By James M. Decker

What makes a small town revival? The August issue of Texas Monthly has a feature on this very topic. This piece, titled “How a New Generation Is Reviving Small-Town Texas” tells stories from Lockhart, Brenham, and Alpine, each of which are currently experiencing new growth and enthusiasm. I encourage you to find the article on the Texas Monthly website or on newsstands, because it is an interesting and heartening read. Good things ARE happening in small towns across Texas.

This article has spawned a good discussion on Twitter with several rural-minded Texans whose opinions I respect. Each of these folks comes from a different professional and geographic perspective, but all are passionate about rural Texas.

This discussion, in turn, led me to my central question today: what makes a small town revival?

The Texas Monthly story spotlights several restaurants, bars, and other retail in these towns, most of which could fairly be termed as “trendy.” As one of my friends observed, can a rural town revive itself on trendy restaurants, or does too much focus on that aspect of a town become “glitter on rust”? As my friend wrote, and I think we can all agree, rural communities need jobs, healthcare, schools, and infrastructure.

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This is a perpetual struggle in planning rural development ideas. Each of our communities has opportunities for glitter that will attract new traffic, whether it be new restaurants and retail, tourism and cultural events, or something other unique feature. But can that glitter sustain a town? What happens in the inevitable future economic downturn, when luxury items are the first to drop out of the family budget? Will traffic and spending in town dry up? Will sustainable glitter eventually require a larger local population, so that it isn’t solely tourist dependent?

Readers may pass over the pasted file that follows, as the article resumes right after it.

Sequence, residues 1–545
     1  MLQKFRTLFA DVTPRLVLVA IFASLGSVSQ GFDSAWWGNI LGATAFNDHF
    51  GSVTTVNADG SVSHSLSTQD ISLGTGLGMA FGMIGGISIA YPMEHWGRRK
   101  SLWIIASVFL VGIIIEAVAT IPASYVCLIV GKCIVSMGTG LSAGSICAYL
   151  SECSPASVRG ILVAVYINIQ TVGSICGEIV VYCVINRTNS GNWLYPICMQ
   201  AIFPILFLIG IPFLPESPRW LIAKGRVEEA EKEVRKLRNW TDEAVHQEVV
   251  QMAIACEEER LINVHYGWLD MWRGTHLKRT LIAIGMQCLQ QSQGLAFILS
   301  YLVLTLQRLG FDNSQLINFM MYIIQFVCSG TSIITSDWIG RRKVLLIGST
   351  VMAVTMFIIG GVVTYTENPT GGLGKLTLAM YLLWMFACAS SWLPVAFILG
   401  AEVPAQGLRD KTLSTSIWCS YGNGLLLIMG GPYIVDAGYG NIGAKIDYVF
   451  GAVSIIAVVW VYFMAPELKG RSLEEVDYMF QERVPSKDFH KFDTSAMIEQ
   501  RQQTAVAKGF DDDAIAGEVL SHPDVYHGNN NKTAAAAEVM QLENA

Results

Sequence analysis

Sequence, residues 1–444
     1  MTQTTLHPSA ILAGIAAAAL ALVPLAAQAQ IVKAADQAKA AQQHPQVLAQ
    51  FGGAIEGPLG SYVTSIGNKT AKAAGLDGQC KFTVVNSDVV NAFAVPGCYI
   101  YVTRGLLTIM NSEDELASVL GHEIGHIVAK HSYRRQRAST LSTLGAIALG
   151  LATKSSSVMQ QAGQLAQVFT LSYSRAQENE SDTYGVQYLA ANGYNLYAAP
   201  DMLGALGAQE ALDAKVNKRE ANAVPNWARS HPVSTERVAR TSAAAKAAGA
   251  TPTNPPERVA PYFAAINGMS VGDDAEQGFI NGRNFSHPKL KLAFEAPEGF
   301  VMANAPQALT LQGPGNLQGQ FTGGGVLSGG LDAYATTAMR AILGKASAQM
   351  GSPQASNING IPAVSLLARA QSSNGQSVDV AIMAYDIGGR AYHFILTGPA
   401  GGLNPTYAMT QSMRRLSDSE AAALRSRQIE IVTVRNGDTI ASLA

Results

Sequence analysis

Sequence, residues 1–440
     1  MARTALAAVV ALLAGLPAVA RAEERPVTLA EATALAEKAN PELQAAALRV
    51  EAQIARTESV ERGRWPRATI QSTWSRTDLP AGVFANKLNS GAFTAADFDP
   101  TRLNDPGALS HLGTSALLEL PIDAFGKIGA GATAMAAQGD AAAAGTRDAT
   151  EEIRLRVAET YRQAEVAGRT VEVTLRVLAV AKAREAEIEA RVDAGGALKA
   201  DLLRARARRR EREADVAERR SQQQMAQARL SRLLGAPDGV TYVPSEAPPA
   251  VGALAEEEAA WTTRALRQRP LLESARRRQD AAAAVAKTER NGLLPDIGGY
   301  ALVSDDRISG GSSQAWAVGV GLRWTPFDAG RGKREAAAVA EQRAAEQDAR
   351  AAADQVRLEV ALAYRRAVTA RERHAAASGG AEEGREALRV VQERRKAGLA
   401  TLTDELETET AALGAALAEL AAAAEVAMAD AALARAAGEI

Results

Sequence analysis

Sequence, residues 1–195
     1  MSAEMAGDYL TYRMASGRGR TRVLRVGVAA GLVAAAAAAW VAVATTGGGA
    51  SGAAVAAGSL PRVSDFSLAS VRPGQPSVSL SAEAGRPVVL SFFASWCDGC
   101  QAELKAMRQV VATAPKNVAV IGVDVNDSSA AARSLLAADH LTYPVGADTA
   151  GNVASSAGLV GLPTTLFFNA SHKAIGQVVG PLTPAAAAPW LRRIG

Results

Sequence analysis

But on the flip side, is a little glitter necessary? How do you sustain a town without first having something interesting that attracts people to the town? Whether we like it or not, people are not just going to move to a random town because it seemed like a good idea. Every town needs a sales pitch, the so-called “elevator speech,” that explains why a new resident should move there. Jobs are hard to attract without a suitable labor force. Healthcare, schools, and infrastructure are hard to improve without increases in sales tax and property tax spending, which are functions of new spending and construction in town.

These are hard questions without easy answers. If the answers were easy, someone would’ve unlocked the secret long ago and every rural community with a desire to grow would be booming. But here in the real world, we struggle with these chicken-and-egg questions. Glitter alone might not sustain a place, but you might need a little glitter to catch the attention of the people who WILL sustain you.

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James Decker is a lawyer, farmer, and mayor in Stamford, Texas, and the creator of the forthcoming “West of 98” podcast and website. He may be contacted through Facebook at


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